And the first hired didn’t have any issues at all with the wages they agreed to, until they saw what someone else was getting.

It was no longer between them and the landowner. The trouble happened when it became a comparison game. The trouble started when envy and jealousy showed up.

This wage-based lie, here in the Gospel reading and in our own experiences, start with envy and jealousy.

The first murder in the Bible happens because of Cain’s jealousy of his brother Abel’s sacrifice. Later, Joseph’s brothers sell him into slavery because they are jealous of his status as their father’s favored son.

Jealousy is one of those primal emotions that shows up in our earliest texts and lurks within each of us from an early age. Think back – when was the first time you remember feeling jealous? Someone else had the new Barbie doll. Someone else got picked for the team ahead of you. Someone else had a fruit rollup at lunch and all you had was a lousy vanilla pudding.

I’d venture to say that a good portion of the world’s problems have come about because of envy, jealousy, and our preoccupation with what other people have that we don’t.

This wage-based lie attacks on a global scale. Poverty, hunger, access to basic medical care and clean water – they all have their roots in a scarcity mentality, the jealous guarding of resources. After all, there is enough food in the world to feed everyone. And yet some have too much and some have none at all.

It attacks on a personal level, as well. Infidelity, covetousness – even bullying – have their roots in our incessant primal need to compare ourselves to others.

The cure for this problem, this jealousy, this “someone else syndrome,” is grace. And when we receive God’s grace and live it out, it turns into generosity.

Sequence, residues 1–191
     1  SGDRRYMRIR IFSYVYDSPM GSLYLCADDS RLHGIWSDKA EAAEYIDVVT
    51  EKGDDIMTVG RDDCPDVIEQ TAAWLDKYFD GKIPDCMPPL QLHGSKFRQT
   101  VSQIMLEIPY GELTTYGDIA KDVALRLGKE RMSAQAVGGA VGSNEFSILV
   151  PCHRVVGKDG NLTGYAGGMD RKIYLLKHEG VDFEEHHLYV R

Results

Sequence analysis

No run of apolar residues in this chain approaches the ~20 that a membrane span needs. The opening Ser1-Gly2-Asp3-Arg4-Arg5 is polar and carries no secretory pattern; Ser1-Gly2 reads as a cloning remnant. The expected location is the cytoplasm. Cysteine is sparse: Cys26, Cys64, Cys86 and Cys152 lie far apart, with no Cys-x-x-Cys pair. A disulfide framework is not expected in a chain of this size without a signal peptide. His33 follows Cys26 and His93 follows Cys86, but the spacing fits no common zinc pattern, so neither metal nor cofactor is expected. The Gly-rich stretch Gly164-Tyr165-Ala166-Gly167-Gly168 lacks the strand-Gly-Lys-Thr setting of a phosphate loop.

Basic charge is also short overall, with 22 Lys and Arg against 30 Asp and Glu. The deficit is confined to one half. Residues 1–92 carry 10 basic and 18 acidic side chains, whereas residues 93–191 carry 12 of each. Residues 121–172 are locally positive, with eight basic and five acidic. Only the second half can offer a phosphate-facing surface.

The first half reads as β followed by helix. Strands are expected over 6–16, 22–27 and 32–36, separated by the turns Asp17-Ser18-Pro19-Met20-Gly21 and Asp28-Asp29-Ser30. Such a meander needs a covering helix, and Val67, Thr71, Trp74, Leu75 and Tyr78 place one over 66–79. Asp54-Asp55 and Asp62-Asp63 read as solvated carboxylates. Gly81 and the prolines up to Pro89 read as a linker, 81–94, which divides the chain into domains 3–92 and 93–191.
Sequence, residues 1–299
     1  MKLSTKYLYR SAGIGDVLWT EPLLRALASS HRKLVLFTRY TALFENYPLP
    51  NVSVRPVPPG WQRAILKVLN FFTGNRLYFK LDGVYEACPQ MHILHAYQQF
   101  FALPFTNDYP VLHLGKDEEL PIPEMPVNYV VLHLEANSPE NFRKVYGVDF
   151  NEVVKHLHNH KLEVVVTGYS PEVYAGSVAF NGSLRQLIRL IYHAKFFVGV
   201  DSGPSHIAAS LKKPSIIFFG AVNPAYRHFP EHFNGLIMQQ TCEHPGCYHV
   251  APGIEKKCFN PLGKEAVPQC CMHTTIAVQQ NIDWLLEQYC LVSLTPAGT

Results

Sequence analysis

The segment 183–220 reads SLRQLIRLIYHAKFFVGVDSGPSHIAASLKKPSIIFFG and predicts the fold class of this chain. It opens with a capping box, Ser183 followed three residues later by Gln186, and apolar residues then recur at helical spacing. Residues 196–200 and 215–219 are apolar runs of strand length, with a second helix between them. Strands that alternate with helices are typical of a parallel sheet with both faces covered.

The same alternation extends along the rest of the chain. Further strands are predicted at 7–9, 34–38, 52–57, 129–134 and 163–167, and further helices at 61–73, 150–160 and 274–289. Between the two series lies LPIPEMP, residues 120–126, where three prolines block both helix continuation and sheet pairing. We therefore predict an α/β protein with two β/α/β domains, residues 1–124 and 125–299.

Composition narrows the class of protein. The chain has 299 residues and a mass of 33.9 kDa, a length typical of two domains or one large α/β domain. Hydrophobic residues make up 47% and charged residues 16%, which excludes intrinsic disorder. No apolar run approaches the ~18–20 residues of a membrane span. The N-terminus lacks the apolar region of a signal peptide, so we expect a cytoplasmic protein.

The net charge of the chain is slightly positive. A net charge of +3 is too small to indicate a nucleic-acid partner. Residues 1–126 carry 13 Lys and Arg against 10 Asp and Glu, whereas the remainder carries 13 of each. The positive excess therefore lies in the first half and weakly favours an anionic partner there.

This wage-based life of envy and jealousy makes us think in zero-sum terms. If someone else has something, that obviously means we can’t have it, and so we must feel envious.

But the generosity treatment exposes this lie of zero-sum thinking.

A generous heart rejoices in the good things others have received, and this joy leaves no room for jealously to strike. Someone else had the new Barbie doll; well, I’m glad to see her so happy. Someone else got picked for the team ahead of you; well, he was having a bad morning and that just made his day. Someone else had a fruit rollup at lunch and all you had was a lousy vanilla pudding…well, I’m not sure what to say about that one.

It seems my generosity treatment is still in the early stages.

But you get the idea. Generosity flips this wage-based lie on its head.

So this week, I invite you to start actively combating the wage-based lie and this jealous desire we’ve all had since childhood. Ask God for the strength to practice generosity, to rejoice at the fortunes of others, to share the joy of their triumphs and then to bear with them the pain of their defeats.

Don’t let the envy, jealousy, and the wage-based lie cut you off from one of the greatest gifts God has given each of us, but which we fail to receive so much of the time.

This grace…this gift…is the joy made manifest by God’s love connecting each of us, one to the other. This gift is the capacity to rejoice no matter who is the object of good fortune. This gift is a heart overflowing with generosity.

Can we do this? Can we call out this wage-based lie and start living this grace-filled, generous life?


Generosity Over Jealousy (A Sermon for Proper 20A)